How does Internet2 actually work? Christine Senavsky spoke with a member of the CMU network team to clarify how the technology functions in practical terms.
Japanese startup Amadeus Code, an “artificial intelligence-powered songwriting assistant,” is the latest app that is riding the wave of A.I. art-generation. The algorithm scans a diverse database of popular music from the past 500 centuries (in theory - the earliest song this reviewer discovered was Schubert’s “Ave Maria” from 1825) and allows the user to specify the note range and length, drama, familiarity, and era. The app then creates a unique instrumental harmony based on these specifications, drawing inspiration from songs that have similar characteristics.
There are a lot of options for how people may choose to allocate their time, attention, and financial resources. To an extent there is competition in the cultural sector between museums, theaters, and other similar organizations, but external options, such as other forms of entertainment or educational technology, present a plethora of choices for the consumer. With that in mind, as we start the year let’s take a brief scan of what was hot in the tech world through the 2018 holiday season, and what appears to be on the horizon.
Heading into 2019, we find ourselves on the precipice of what some call Web 3.0 with other technologies extending far beyond the web. Technological change is advancing at quantum speed, with notable technologies likely to impact arts institutions significantly.
Public art in commercial and recreational structures is a means to bring communities together and directly connect people with the physical space around them. Typically, public art is presented in the form of murals, sculptures, architecture, and environmental art. In addition to social bridging, public artworks can serve as identity-markers for particular locations, mediums to express distinct points of view, and vehicles to inspire personal and social change.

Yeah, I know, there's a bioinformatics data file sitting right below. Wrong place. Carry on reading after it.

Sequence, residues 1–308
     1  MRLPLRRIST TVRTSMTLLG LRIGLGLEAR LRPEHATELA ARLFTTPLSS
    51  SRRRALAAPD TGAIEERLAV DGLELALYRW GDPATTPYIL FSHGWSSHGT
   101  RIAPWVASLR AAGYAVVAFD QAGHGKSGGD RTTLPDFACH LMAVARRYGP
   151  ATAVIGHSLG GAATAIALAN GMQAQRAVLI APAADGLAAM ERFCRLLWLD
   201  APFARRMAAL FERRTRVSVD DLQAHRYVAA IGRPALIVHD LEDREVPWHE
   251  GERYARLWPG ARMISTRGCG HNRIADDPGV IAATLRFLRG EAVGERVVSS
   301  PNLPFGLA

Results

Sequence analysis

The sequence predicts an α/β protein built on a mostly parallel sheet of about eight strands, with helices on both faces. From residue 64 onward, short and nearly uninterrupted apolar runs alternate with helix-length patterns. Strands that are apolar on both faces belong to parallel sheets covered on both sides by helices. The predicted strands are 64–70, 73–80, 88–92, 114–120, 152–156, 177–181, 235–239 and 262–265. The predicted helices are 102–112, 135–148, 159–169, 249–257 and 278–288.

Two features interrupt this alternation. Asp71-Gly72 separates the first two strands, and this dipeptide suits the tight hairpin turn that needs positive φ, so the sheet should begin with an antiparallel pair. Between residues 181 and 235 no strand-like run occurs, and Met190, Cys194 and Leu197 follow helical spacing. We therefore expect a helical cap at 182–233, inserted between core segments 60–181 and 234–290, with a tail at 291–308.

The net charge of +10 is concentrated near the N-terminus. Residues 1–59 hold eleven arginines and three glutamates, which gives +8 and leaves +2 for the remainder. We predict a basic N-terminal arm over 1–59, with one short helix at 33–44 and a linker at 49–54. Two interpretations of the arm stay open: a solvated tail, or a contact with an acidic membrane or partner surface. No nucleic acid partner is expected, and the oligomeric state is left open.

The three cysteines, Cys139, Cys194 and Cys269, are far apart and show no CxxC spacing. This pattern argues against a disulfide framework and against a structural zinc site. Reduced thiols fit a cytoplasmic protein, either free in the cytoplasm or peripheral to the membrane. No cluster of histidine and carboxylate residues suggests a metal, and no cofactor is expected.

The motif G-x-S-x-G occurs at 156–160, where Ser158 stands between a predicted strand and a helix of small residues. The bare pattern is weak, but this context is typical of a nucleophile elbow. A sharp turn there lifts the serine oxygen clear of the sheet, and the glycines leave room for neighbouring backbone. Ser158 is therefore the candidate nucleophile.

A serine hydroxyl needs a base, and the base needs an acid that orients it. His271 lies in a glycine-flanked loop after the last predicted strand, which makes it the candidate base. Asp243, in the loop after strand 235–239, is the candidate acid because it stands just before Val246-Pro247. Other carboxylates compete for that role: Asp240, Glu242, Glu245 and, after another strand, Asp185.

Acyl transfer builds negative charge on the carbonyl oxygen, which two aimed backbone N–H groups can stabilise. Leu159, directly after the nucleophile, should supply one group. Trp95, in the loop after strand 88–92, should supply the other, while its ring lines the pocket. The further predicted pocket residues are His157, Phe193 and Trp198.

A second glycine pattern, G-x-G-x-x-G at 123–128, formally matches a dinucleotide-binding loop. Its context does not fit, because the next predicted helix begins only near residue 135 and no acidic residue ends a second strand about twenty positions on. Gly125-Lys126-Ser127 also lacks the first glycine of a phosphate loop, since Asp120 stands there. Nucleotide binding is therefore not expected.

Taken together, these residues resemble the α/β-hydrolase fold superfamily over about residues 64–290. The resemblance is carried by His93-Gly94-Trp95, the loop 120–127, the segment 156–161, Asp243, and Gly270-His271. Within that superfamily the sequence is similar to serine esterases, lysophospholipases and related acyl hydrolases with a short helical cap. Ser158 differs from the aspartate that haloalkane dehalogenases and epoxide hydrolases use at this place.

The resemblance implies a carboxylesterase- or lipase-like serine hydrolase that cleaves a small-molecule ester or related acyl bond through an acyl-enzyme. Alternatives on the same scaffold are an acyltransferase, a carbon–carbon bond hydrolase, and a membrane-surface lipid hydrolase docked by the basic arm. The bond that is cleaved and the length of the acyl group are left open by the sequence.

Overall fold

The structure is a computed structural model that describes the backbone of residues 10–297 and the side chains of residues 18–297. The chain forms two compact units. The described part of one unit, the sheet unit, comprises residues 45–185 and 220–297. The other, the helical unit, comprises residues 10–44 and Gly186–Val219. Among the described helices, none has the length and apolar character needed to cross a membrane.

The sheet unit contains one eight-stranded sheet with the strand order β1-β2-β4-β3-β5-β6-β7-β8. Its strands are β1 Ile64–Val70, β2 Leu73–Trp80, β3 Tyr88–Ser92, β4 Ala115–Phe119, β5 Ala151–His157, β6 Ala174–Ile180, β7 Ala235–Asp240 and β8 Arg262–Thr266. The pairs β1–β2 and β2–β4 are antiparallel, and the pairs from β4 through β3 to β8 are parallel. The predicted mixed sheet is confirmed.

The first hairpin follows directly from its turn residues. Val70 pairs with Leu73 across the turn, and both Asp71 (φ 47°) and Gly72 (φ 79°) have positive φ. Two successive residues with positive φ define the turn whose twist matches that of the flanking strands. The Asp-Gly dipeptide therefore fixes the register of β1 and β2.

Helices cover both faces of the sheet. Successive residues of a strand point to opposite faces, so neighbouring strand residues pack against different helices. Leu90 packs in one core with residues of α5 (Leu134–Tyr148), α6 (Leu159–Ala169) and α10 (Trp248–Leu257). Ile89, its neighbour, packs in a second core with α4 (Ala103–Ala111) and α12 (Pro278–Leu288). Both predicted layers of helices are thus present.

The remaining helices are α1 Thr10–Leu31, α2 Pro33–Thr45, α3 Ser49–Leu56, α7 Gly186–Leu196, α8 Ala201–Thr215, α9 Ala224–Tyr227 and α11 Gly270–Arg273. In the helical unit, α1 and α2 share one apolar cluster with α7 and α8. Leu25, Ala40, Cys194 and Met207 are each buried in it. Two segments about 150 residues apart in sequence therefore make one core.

Technical innovations are increasing opportunities for patrons who have low or no vision to engage with the arts. There are four dominant approaches for serving these members of the community: seeing through touch tours, beacon technology, audio description, and applications on personal devices.
Image credit: National Park Service
There is a significant distinction to be made between the traditional model of AI-generation - where an algorithm simply produces a piece of art - and a more interactive form of generation, where the algorithm is actually part of the art. The question then becomes, how can artwork that requires ongoing AI generation and adaptation can be integrated into the traditional marketplace?
Image source: Philip Beesley Architect Inc.
ReMasterpieces is an academic research project created with two goals in mind: first, to recreate missing works of art using computer vision and machine learning and present the works to the original owners and second, to educate and empower people to find the actual missing works of art.
Last April, contributor Jana Fredricks attended the 2018 Museums and the Web conference in Vancouver. Amidst the chatter of digital collections, online audience engagement, and shiny new tech, she presented research on three technologies that have changed the way cultural heritage sites are understood and documented in the digital age. Her paper, Digital Tools and How We Use Them: The Deconstruction and Reconstruction of Cultural Heritage in Syria, was presented in a panel entitled Post-Colonial Digital.
In this three part series we will detail how blockchain works, its applications for the arts, and the risks arts managers should consider before deploying a blockchain based system.